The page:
>
> width, sometimes IDLE's "smart" indentation insists upon using width-8
>
> tabs.
>
>
>
> From what I've been able to find on Google, this is due to a
>
> shortcoming in Tk. While it's not that big a deal in the grand scheme
>
> of things, I think it looks like poop, and I'd like to change IDLE to
>
> use 4-space indentation instead of tabs for all indentation levels.
>
>
>
> Is there any way for me to achieve what I want in IDLE, or do I have to
>
> start up my full-blown IDE if I want consistent 4-space indentation?
>
>
>
> Alex


I think an IDE is better than IDLE. Try NINJA IDE. http://ninja-ide.org
 
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Alex
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Posts: n/a
 
      09-06-2012
Ramchandra Apte wrote:

> On Saturday, 25 August 2012 04:03:52 UTC+5:30, Alex wrote:
> > I'm new to Python and have been using IDLE 3.2.3 to experiment with
> >
> > code as I learn. Despite being configured to use a 4 space
> > indentation
> >
> > width, sometimes IDLE's "smart" indentation insists upon using
> > width-8
> >
> > tabs.
> >
> >
> >
> > From what I've been able to find on Google, this is due to a
> >
> > shortcoming in Tk. While it's not that big a deal in the grand
> > scheme
> >
> > of things, I think it looks like poop, and I'd like to change IDLE
> > to
> >
> > use 4-space indentation instead of tabs for all indentation levels.
> >
> >
> >
> > Is there any way for me to achieve what I want in IDLE, or do I
> > have to
> >
> > start up my full-blown IDE if I want consistent 4-space indentation?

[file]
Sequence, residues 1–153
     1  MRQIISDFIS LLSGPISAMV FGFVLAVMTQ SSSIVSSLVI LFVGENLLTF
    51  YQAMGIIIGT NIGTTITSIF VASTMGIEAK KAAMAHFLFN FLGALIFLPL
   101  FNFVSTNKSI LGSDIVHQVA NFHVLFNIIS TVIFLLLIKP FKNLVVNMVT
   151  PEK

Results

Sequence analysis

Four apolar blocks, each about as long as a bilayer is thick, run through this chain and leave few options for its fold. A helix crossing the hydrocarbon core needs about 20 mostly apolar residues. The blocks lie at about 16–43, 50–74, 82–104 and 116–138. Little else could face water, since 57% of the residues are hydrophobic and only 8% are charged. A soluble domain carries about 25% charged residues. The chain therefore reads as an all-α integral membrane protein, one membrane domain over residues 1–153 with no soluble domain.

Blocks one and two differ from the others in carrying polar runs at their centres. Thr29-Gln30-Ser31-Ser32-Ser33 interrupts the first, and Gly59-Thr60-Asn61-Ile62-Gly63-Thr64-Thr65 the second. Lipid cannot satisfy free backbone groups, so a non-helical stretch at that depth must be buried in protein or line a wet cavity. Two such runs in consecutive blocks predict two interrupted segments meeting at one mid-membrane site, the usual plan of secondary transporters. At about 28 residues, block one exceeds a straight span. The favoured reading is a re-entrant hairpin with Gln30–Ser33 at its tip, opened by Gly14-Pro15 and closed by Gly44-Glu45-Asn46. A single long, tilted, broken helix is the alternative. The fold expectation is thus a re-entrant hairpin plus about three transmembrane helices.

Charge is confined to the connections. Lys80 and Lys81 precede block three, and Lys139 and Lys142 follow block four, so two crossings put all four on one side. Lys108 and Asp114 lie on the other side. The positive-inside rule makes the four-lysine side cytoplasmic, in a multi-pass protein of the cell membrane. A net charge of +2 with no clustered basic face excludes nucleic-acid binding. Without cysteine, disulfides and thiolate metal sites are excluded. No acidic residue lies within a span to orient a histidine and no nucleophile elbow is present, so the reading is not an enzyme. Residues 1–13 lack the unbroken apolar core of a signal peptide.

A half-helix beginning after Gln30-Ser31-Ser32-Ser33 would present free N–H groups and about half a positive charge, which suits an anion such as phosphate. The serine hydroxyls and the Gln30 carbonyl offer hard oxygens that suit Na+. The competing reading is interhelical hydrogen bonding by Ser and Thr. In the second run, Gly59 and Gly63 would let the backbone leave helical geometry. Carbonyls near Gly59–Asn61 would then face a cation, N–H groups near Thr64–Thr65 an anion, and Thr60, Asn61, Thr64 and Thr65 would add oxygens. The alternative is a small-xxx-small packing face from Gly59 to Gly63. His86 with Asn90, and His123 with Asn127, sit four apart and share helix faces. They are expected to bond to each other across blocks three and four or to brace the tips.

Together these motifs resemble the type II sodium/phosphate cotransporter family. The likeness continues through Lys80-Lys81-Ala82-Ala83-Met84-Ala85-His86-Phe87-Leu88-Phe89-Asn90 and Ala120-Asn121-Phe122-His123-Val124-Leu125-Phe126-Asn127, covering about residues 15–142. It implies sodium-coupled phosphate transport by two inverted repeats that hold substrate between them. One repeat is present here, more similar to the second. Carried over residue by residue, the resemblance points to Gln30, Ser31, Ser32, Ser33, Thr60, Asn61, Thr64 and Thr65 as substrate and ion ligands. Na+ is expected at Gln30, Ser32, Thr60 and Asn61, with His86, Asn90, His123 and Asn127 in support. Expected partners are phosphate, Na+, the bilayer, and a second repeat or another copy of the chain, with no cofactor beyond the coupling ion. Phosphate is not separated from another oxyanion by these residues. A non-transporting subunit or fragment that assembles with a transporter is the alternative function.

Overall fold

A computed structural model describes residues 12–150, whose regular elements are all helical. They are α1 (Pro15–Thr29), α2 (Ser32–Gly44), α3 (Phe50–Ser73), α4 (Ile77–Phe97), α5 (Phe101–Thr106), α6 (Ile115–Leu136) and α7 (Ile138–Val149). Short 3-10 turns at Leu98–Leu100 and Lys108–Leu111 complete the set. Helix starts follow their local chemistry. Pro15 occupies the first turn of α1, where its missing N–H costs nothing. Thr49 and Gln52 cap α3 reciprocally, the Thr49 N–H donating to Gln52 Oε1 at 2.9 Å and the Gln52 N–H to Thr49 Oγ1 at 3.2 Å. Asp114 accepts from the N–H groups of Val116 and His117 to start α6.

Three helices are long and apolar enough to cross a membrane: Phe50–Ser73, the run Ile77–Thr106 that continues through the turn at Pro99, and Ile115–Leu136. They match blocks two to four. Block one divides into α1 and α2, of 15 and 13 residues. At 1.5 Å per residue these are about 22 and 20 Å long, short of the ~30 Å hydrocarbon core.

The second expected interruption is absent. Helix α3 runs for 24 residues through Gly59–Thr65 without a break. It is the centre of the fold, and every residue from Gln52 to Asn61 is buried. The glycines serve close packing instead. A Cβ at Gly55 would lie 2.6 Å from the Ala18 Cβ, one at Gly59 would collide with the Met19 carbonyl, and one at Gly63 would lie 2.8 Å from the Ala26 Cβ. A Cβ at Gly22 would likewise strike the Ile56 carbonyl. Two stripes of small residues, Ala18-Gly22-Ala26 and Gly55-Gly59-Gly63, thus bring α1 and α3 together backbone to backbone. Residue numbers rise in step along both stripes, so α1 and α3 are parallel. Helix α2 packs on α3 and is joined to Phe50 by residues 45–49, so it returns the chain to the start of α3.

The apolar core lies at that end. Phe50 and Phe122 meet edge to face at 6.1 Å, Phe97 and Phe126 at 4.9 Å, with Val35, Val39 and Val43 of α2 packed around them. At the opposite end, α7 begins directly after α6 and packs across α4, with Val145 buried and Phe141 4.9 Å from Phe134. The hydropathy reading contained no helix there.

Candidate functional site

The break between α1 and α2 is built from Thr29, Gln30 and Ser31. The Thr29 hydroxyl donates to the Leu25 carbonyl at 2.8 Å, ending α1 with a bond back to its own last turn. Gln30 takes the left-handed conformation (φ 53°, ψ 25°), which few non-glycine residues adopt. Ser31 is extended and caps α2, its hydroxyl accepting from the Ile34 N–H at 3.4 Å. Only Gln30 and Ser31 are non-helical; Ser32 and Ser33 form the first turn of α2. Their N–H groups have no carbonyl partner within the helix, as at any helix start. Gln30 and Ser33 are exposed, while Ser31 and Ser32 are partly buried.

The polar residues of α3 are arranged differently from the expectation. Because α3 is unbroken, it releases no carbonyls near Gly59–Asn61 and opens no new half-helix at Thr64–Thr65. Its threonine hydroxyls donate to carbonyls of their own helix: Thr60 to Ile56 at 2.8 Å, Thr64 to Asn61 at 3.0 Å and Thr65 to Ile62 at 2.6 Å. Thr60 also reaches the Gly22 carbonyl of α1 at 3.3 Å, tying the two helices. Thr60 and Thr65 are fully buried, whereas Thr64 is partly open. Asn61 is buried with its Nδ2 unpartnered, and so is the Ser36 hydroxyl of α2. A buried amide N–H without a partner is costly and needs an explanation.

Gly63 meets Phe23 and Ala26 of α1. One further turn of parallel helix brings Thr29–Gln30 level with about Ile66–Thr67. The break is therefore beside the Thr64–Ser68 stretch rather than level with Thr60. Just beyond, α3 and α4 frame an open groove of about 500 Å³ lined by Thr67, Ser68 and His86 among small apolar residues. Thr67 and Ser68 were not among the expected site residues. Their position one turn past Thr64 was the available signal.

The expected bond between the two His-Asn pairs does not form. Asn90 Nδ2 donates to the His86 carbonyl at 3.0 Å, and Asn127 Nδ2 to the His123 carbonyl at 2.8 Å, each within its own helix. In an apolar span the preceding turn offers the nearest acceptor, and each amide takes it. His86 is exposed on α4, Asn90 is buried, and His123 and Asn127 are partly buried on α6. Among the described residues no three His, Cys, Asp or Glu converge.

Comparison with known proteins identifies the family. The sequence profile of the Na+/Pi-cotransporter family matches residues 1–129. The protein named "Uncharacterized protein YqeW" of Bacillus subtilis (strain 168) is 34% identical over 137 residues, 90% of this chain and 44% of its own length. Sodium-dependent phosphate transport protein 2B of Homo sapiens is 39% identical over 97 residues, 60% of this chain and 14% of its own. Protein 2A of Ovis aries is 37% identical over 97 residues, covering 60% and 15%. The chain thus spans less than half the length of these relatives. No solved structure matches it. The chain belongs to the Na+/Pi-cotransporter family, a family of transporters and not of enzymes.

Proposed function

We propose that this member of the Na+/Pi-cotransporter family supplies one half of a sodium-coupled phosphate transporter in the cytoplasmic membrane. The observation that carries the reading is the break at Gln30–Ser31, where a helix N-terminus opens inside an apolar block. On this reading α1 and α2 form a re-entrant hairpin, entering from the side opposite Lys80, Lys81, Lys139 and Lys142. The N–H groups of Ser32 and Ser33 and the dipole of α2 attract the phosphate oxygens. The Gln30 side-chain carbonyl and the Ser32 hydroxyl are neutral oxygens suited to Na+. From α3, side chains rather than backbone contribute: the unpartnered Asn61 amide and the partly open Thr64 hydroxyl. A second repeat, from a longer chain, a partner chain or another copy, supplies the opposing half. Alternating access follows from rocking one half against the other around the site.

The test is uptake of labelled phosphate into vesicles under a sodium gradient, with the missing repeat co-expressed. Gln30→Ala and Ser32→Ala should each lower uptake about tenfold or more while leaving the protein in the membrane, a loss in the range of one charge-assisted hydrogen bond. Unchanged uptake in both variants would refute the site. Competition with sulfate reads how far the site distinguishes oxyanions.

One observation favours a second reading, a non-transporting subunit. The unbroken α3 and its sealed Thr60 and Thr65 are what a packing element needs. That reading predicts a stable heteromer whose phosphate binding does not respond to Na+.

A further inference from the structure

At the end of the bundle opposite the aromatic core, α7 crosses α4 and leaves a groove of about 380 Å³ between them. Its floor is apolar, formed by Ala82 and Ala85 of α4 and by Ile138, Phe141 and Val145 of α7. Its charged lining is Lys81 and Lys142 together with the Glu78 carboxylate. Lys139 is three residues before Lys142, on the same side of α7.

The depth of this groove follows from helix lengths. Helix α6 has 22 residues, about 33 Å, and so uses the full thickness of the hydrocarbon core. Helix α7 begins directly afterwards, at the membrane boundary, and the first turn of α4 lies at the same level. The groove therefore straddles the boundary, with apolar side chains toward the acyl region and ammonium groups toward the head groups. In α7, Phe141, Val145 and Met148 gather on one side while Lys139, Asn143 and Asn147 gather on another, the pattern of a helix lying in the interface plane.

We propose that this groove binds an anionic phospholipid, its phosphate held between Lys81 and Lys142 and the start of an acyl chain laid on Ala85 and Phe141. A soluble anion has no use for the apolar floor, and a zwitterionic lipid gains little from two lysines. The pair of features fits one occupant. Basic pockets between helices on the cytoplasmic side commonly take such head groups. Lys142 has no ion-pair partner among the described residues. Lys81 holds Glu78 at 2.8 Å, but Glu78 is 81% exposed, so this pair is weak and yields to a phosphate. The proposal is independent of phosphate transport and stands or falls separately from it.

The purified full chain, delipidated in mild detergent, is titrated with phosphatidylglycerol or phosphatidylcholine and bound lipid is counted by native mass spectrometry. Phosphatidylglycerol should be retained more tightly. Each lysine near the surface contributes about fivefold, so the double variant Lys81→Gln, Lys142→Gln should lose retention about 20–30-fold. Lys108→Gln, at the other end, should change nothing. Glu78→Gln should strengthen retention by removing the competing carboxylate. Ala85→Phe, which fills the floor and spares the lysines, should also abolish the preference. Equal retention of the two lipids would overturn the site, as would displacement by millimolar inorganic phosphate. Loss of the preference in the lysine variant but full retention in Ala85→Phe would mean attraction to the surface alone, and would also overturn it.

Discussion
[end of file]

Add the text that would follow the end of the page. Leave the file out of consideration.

> >
> >
> >
> > Alex

>
> I think an IDE is better than IDLE. Try NINJA IDE.
> http://ninja-ide.org


Agreed. I like PyDev in Eclipse, but sometimes I just want to try out
something quick in the interpreter, to ensure I understand it or do a
quick experiment. Since indentation is syntactically significant in
Python, I think fixing the interpreter to produce good, readable,
cut-and-pasteable, and Pythonic code is more important than a cosmetic
feature, but less important than true bugs.
 
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Ramchandra Apte
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Posts: n/a
 
      09-06-2012
On Thursday, 6 September 2012 19:13:23 UTC+5:30, Alex wrote:
> Ramchandra Apte wrote:
>
>
>
> > On Saturday, 25 August 2012 04:03:52 UTC+5:30, Alex wrote:

>
> > > I'm new to Python and have been using IDLE 3.2.3 to experiment with

>
> > >

>
> > > code as I learn. Despite being configured to use a 4 space

>
> > > indentation

>
> > >

>
> > > width, sometimes IDLE's "smart" indentation insists upon using

>
> > > width-8

>
> > >

>
> > > tabs.

>
> > >

>
> > >

>
> > >

>
> > > From what I've been able to find on Google, this is due to a

>
> > >

>
> > > shortcoming in Tk. While it's not that big a deal in the grand

>
> > > scheme

>
> > >

>
> > > of things, I think it looks like poop, and I'd like to change IDLE

>
> > > to

>
> > >

>